The ground continues to rise here and the paddocks give way to a grassy hillside where the views grow more expansive with each step. After going through a hedge I continue along the top edge of two fields, then go through a gap in another hedge out onto a narrow country lane where I turn right, then left to pick up the footpath again. The views keep growing but this time they are different. I can see electricity pilons and grey power station chimneys rising up on the river side below. I’m also starting to see the roofs of commercial greenhouses sparkling in the sun. The pathway continues the width of three or four more fields, then this is where I turn off to descend the hillside back down into the Stort valley.

I walk West downhill through a wooded area and as I reach the bottom the path takes me through the grounds of a commercial salad grower. I’m in greenhouse country now where bags of pre washed salad are grown and packed for the large supermarkets, and with that comes articulated lorries far bigger than these lanes are meant to carry. As I walk out of the entrance of this salad grower I turn right onto a small road. When I came here previously there was barely any verge to walk on and I was very aware of the occasional large lorry going very close past me. Periodically I pressed myself tightly against the hedge to let them pass, then I looked down and noticed I was standing in the tyre tracks of a previous lorry that decided the hedge wasn’t much of an obstacle. Not a comfortable feeling.
After a short (and fast) walk I turn right into a much quieter lane thankful for the sanctuary I find, and now I am getting very close to Nether Hall Farm, the reason I risked life & limb with passing lorries. To my left is a large field, to my right row after row of commercial greenhouses. I carry on heading north and after passing a small cottage, to my left I see the white railings at the entrance of a farm. This is the site of the Netherhall ruin which is a privately owned farm but there are very good views of the ruin from the roadside. From the entrance the tall figure of the ruined towers have a strangely foreboding feel and look almost haunting and ghostly peering out from a thin screen of trees, with their jagged partly dismantled brickwork looking broken and unloved.

As I get nearer I notice the intricate patterns where different coloured bricks were used to create a design almost like Celtic Knots in the outward faces of the towers. This really is medieval craftsmanship at it’s very finest and it’s easy to forget this was built in the 14th century. The techniques used in the construction of the building were ahead of their time, much of which had not been seen at other sites of this era before which gives rise to a suspicion the craftsmen may have been invited from abroad. Evidence of an inner framework of iron and wood have been found, which was very unusual in such constructions. Grander examples of a similar style of gatehouse exist at Hampton Court. The moat is still in place and the waterline has discoloured and degraded the lower brickwork, a lot of it is obscured by undergrowth but what you can still see gives an amazing insight into what a grand fortress this once was. There must have been serious fears of incoming revolts to have taken such extremes, medieval Roydon was clearly not a place to take your chances with domestic security.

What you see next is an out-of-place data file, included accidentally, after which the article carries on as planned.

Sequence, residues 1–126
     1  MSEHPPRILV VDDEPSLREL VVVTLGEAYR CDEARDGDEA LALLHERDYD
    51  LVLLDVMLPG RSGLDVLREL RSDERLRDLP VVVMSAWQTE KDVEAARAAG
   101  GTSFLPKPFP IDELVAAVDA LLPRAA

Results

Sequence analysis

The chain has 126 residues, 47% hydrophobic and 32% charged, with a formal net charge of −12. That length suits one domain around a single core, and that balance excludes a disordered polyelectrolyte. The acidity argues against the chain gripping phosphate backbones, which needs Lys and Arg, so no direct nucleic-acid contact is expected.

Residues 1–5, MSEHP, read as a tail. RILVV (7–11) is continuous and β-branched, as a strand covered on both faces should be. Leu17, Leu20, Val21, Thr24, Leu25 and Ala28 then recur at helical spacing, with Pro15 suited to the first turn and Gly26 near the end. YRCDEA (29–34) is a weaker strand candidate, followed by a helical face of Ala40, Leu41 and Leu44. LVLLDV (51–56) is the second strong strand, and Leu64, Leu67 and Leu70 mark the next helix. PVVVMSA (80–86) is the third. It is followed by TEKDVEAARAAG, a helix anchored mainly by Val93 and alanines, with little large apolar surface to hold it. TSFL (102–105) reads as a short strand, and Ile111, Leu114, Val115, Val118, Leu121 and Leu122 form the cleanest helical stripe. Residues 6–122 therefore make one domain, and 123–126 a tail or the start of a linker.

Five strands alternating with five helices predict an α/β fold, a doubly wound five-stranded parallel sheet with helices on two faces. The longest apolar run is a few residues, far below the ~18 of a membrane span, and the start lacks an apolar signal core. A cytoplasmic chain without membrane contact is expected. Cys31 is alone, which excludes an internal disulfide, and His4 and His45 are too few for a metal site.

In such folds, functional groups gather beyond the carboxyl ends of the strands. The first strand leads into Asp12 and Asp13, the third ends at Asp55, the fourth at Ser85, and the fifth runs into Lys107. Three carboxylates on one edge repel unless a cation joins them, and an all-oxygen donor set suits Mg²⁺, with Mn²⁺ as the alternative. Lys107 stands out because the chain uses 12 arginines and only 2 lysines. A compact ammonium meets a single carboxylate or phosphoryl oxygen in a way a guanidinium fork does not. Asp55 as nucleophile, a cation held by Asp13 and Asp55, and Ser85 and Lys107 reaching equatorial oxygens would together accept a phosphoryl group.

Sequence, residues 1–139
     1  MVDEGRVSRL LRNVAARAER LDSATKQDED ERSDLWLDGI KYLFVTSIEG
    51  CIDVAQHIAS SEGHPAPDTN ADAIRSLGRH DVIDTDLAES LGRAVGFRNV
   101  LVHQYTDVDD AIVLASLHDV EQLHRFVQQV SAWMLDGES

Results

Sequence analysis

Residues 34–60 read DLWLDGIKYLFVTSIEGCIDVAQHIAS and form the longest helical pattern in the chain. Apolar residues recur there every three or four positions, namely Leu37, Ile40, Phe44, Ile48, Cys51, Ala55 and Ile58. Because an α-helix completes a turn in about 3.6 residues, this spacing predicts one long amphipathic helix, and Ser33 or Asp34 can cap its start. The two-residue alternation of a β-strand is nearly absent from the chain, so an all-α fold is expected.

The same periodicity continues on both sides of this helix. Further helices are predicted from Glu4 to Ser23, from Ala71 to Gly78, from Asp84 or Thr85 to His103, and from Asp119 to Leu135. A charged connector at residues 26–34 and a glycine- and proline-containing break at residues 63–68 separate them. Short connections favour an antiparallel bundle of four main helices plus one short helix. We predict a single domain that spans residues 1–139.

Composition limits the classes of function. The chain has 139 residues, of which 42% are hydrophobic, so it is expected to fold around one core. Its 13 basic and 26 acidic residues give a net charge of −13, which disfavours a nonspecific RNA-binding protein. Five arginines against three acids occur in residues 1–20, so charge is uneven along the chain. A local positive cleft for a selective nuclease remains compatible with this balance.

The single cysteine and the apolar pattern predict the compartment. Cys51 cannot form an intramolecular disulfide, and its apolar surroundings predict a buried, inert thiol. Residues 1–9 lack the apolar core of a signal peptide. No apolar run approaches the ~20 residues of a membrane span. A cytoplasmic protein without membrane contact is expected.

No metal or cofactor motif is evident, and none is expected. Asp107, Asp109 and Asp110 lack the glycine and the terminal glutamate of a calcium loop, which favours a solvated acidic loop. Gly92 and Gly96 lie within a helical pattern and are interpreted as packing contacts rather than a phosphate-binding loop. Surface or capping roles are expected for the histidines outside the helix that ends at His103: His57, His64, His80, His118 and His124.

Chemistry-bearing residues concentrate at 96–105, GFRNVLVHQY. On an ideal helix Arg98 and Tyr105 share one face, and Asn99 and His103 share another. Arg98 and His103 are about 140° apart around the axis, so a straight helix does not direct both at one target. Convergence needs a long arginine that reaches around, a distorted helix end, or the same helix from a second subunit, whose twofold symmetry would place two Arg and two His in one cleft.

The Nether Hall estate was owned by The Abbey of Waltham and changed hands a number of times before it was acquired in the 1470’s by Thomas Colte who was from a Northern family and supported the Duke of York’s claim to the Throne. He became privy councillor to King Edward IV and his eldest grand daughter Jane married Thomas More, who was a regular visitor to Nether Hall & Chancellor to King Henry VIII. According to his biographer it was actually the 2nd eldest grand daughter Thomas More rather fancied, but he felt it would be insulting to the elder one to persue her younger sibling so out of pity he decided to woo Jane instead. How very noble. Perhaps she was the better cook. Perhaps also being Heiress to the Netherhall estate was just a coincidence. It is unlikely Thomas Colte would have seen Netherhall’s completion before he died. Carbon dating shows work started around the late 14th century and was not completed until the 15th century. Looking at the location it’s difficult to understand why this particular site was chosen but it was clearly an important place for such a significant fortress to have been built in a time of civil conflict.